"I think what [veterinarians] might see is an increase in infectious diseases that will impact water quality. Outdoor pets drinking from local streams may pick up things from water that they didn't before," Griffith says. "I think the role that practitioners can play is to be that front line, to notice the changes and the trends and anticipate more zoonotics and how pets are affecting owners."
One hypothesis of how the effects of climate change can become visible in domesticated animals that has been questioned by a number of veterinarians has been posed by Dr. Julie Levy, DVM, Ph.D., DACVIM. Levy is an assistant professor at the University of Florida's College of Veterinary Medicine and works with the Maddie's Shelter Medicine Program there. She has pointed to climate change as a possible answer for the cat overpopulation problem despite long-time spay, neuter and re-homing efforts.
A cat's reproductive cycle is controlled by the "whim of planetary movements," Levy says. As a result, the low-daylight winter months cause a drop in pregnancies while high-daylight spring and summer months produce a wave of new kittens, she says. Other veterinarians have agreed that studies have shown how daylight hours can have an effect on a cat's breeding cycle, but vary on their opinions of how climate change has contributed to an increase in kittens.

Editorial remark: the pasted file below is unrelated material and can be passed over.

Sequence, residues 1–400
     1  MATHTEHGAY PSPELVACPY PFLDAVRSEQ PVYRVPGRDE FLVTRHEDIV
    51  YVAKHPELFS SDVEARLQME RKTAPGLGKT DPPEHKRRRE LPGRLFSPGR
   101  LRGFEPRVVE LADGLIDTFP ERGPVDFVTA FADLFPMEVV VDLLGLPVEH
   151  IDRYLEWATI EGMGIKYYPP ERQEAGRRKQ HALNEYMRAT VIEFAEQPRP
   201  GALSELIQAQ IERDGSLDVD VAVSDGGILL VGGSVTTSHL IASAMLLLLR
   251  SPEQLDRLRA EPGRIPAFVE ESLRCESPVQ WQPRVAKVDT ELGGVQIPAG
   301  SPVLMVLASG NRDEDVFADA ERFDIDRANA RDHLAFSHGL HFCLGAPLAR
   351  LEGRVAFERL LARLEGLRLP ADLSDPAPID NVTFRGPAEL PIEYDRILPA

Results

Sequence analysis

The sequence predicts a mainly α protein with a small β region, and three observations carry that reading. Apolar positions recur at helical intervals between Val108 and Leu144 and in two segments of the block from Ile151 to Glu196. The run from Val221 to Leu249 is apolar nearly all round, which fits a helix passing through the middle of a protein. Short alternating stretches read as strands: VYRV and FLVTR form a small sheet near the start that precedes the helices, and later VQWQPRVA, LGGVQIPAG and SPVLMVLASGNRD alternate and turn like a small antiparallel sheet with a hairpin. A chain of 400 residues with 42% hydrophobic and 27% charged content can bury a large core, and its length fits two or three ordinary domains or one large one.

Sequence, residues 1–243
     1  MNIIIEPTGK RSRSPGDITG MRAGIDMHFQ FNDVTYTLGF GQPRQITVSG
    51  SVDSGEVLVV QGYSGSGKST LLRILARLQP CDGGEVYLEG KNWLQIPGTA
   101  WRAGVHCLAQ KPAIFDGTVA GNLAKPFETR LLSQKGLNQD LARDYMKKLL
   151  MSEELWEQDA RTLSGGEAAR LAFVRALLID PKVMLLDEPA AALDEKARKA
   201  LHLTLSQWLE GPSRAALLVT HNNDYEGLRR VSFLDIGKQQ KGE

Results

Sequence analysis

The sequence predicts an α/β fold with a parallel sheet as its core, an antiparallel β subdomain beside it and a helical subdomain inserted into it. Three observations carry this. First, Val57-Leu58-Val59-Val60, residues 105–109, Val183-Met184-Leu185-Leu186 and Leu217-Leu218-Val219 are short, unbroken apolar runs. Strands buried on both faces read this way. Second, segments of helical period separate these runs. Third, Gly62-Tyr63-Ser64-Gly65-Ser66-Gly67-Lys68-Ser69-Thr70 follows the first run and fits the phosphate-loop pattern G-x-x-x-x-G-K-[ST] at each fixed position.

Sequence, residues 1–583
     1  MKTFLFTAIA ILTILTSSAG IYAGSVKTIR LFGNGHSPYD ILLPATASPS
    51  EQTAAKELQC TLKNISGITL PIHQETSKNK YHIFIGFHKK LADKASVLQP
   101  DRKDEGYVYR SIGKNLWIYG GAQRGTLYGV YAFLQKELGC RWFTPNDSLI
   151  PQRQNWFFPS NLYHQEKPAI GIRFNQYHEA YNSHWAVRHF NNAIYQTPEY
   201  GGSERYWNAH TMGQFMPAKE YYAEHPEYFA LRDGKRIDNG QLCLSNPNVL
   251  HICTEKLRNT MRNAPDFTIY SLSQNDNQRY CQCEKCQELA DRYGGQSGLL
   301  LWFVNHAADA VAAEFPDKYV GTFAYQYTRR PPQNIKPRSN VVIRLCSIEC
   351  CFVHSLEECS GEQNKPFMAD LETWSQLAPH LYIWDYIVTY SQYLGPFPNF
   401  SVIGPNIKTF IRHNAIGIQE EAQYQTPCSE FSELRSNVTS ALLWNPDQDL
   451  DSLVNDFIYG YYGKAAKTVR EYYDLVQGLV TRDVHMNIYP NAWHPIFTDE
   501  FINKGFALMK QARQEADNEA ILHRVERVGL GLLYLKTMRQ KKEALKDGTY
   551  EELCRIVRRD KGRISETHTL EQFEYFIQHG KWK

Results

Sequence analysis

The reproductive cycles of feral cats, who have less exposure to artificial lighting, have not changed in the last decade, Levy admits, but she thinks warmer weather could possibly cause puberty to occur sooner resulting in a more fertile cats comes breeding season.
"No, I do not believe that the breeding season has changed. Yes, I do believe that climate change could theoretically impact the phenomenon of kitten season," she says, adding that since cats evolved from African origins, climate change could be "mimicking their ancient origins and helping them reach their full reproductive potential."
Still, other veterinarians says no studies have been done to support a connection between climate change and a change in reproductive cycles. Instead, they offer other suggestions for the so-called kitten boom.
"The bottom line is we can't say it's a one-to-one correlation between the temperature and cats producing more," says Christine Peterson, an assistant professor at Iowa State's College of Veterinary Medicine. "It's not that having slightly raised temperatures is specifically leading to a direct increase in cat fertility ... [but] I do think [being] a little warmer overall makes it easier for them over winter."
A more likely theory is that less harsh winters make it easier for kittens and feral cats to survive, resulting in a larger population of adult cats during breeding season, says Peterson. This theory also was proposed by Levy, but Griffith says she wouldn't rule out Levy's first theory completely.
"I have not seen a good study on the effects on domestic cats as far as seasonal variations, but there are many good studies showing seasonal [reproductive] shifts in different wildlife species," says Griffith. "To me, it's not a stretch to think that would spread to domestic animals, as well."